Oysters Might Be Linked To Norovirus Illnesses Oysters recently harvested from Mississippi Area 2C might be linked to about one dozen norovirus illnesses, the U.S. Food and Drug Administration (FDA) is reporting. The FDA is advising food service operators and retailers not to offer oysters harvested between February 23 and March 17, 2009 that were harvested from this area for sale; consumers are advised not to each such oysters.
Mississippi Area 2C is located in the Mississippi Sound portion of the Gulf of Mexico near Pass Christian, Mississippi. Those consumers who are uncertain about the origin of any oysters they currently have in their possession should contact the place of purchase to determine if the oysters originated from the affected area. Eleven individuals reported becoming sick after eating raw oysters at a restaurant in Chattanooga, Tennessee. Test results by the Chattanooga-Hamilton County Health Department and Tennessee Department of Health confirmed that the patients were infected with norovirus.
Norovirus Can Cause Vomiting And Diarrhea
The norovirus can cause nausea, vomiting, stomach cramping, fever, headaches, chills, muscle ache, tiredness, and diarrhea; in general, children experience more vomiting than adults. The norovirus strikes quickly, but generally only lasts for one or two days, according to the federal Centers for Disease Control and Prevention (CDC) in Atlanta, Georgia. Sometimes people also develop a low-grade fever, chills, headache, muscle aches, and a general sense of tiredness. The illness often begins suddenly, and the infected person may feel very sick. There is no cure for the norovirus and patients sometimes need to be given fluids intravenously to combat the dehydration caused by frequent vomiting and diarrhea.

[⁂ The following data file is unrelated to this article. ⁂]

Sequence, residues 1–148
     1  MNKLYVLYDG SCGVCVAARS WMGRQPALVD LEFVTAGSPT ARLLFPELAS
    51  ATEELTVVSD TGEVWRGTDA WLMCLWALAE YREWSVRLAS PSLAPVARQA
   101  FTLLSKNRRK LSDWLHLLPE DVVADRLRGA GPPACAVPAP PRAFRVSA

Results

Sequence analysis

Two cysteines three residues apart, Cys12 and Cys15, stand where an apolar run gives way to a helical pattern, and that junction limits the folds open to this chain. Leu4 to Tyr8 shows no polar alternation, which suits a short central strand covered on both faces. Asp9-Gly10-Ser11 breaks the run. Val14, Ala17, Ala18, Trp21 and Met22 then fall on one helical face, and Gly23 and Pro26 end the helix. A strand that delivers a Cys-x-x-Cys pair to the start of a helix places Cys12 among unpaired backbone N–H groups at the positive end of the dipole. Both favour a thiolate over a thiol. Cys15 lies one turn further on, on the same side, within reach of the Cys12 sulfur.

Norovirus is not one, but actually a group of viruses that are found in the stool or vomit of infected people. Norovirus spreads easily and quickly with people becoming infected when eating food or drinking liquids contaminated with norovirus; touching surfaces or objects contaminated with norovirus, and then placing their hand in their mouth; or having direct contact with another person infected and showing symptoms, for example, when caring for someone with illness, or sharing foods or eating utensils with someone who is ill, warns the CDC.
The FDA is advising those with weakened immune systems, including patients affected by AIDS, chronic alcohol abuse, liver, stomach or blood disorders, cancer, diabetes, or kidney disease to avoid raw oyster consumption altogether, regardless of where the oysters are harvested.
Retailers and food service operators can check the tag or labeling that should accompany all raw molluscan shellfish, to verify its origin. Individuals who have eaten raw oysters harvested from the affected area during the specified dates and have experienced symptoms of norovirus infection are encouraged to contact their healthcare provider and their local health department.
The Mississippi Department of Marine Resources closed Area 2C to harvesting on March 17, 2009, to protect the public health. The FDA reported that it is working with the Mississippi Department of Marine Resources to investigate potential sources of pollution that may have caused the area to become contaminated, is testing oysters harvested from the area, and will continue to provide updates as this investigation unfolds.